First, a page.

The present invention also includes a method of forming a semiconductor structure which includes the following steps: (1) forming a first insulating layer over a semiconductor substrate, (2) depositing a first interconnect layer over the first insulating layer, (3) depositing a second insulating layer over the first interconnect layer, (4) selectively etching completely through regions of the second insulating layer, (5) selectively etching completely through regions of the first conductive layer, (6) partially etching through regions of the first insulating layer, and (7) depositing a dielectric material into the regions etched in the second insulating layer, the first conductive layer and the first insulating layer. An alternative method further includes the step of depositing a thin conformal insulating layer over the etched second insulating layer, the etched first interconnect layer and the etched first insulating layer prior to the step of depositing the dielectric material.
In the previously described embodiments, the dielectric material has a relative low dielectric constant K. In particular embodiments, the dielectric material can be SOG material, or a dielectric material having a dielectric constant K of less than four.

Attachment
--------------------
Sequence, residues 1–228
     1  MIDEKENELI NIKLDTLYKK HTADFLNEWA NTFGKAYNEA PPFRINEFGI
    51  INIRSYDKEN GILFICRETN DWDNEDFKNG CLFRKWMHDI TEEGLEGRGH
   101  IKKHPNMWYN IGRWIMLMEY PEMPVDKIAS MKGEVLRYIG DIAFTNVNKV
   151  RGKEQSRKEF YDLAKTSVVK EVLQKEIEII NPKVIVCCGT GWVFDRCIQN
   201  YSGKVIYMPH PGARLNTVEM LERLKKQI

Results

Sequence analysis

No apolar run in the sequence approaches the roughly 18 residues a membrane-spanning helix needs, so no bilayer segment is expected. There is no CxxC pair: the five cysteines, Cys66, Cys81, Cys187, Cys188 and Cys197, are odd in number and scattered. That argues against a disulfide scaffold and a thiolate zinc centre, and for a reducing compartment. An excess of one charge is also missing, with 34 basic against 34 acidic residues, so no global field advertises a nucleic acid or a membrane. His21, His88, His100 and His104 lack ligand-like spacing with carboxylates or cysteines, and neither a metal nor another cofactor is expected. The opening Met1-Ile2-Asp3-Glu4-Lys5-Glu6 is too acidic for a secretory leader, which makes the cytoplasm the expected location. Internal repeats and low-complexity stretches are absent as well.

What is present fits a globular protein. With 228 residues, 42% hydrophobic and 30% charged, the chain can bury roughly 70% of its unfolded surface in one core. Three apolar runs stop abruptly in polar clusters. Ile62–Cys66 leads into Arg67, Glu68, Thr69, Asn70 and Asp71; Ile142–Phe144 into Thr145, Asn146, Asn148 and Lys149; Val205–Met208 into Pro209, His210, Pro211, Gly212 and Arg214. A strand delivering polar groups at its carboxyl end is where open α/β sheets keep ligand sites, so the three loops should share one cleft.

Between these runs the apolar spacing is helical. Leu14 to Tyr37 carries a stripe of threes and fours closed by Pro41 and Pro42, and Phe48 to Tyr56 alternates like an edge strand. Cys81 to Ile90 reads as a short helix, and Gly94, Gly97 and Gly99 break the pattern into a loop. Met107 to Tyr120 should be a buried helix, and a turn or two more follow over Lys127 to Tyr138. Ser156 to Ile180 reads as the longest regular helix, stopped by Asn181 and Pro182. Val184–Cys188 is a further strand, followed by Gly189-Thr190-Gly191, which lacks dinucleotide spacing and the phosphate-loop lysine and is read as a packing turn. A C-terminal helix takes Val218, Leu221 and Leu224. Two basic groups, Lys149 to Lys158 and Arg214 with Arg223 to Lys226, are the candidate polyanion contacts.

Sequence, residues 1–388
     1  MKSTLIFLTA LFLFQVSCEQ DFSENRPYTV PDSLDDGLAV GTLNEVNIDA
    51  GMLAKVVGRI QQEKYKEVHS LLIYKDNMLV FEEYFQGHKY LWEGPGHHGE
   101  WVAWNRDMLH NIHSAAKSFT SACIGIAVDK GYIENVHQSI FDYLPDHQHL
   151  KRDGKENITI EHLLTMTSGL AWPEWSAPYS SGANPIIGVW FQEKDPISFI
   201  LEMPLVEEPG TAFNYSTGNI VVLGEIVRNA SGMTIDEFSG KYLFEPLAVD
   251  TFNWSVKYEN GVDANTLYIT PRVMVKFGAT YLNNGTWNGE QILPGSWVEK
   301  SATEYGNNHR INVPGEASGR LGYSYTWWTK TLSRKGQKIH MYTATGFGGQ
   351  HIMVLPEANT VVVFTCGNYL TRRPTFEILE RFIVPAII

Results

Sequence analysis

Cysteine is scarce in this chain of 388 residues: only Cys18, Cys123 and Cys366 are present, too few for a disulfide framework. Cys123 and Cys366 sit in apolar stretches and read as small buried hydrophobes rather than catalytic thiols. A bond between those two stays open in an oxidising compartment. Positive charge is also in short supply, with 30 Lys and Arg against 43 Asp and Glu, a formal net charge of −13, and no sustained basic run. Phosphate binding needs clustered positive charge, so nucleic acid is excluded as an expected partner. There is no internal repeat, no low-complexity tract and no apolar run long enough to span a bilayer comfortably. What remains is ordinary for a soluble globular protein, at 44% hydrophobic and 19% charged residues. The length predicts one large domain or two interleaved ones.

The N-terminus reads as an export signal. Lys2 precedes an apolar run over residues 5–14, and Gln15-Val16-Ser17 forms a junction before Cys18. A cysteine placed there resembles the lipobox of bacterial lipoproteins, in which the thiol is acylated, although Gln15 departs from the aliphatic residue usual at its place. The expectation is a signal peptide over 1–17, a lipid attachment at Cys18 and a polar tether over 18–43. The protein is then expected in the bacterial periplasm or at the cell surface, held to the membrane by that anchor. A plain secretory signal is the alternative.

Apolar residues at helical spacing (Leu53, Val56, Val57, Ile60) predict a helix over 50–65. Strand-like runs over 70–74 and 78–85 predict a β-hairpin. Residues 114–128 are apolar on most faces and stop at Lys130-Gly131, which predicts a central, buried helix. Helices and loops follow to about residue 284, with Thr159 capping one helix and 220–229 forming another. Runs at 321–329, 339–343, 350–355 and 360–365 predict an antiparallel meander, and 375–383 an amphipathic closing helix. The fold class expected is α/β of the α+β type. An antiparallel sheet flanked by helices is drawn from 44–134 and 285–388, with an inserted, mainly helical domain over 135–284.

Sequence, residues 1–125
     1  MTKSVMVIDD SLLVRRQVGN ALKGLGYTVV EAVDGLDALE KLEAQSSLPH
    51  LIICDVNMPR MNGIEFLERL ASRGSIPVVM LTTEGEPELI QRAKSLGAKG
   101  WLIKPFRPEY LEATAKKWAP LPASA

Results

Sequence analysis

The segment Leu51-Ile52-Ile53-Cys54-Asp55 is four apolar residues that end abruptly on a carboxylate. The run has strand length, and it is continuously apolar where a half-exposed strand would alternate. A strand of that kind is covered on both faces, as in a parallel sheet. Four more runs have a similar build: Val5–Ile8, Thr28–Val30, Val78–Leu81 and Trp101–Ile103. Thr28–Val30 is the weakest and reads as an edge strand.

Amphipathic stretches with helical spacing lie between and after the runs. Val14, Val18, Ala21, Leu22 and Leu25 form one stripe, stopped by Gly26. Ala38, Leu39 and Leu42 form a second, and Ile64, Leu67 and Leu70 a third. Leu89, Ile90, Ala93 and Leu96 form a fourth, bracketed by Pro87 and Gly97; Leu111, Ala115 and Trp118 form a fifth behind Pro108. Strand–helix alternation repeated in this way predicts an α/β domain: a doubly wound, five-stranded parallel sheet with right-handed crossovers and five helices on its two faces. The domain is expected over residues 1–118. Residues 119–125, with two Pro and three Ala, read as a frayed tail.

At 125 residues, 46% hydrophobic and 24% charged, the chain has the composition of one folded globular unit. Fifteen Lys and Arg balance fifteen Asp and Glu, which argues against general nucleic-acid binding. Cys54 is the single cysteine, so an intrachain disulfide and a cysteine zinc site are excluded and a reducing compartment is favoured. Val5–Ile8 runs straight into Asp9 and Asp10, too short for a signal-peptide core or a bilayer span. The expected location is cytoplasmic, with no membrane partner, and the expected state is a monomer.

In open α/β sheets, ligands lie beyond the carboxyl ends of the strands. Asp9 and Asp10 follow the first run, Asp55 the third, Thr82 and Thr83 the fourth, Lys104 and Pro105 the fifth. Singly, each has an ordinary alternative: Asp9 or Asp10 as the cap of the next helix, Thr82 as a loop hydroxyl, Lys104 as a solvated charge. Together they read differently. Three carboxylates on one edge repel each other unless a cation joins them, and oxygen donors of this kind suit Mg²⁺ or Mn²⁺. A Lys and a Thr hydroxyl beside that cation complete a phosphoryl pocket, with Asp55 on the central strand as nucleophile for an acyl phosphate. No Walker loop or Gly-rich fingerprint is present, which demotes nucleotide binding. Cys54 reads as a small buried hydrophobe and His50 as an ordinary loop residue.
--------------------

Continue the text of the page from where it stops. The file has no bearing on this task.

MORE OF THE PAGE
The present invention will be more fully understood in light of the following detailed description taken together with the drawings.
FIGS. 1-3 are cross sectional views of conventional semiconductor interconnect structures;
FIG. 4 is a cross sectional view of a semiconductor structure in accordance with one embodiment of the present invention;
FIGS. 5A-5J are cross sectional views illustrating process steps used to fabricate the semiconductor structure of FIG. 4 in accordance with one embodiment of the present invention; and
FIG. 6 is a cross sectional view of a semiconductor structure in accordance with an alternative embodiment of the present invention.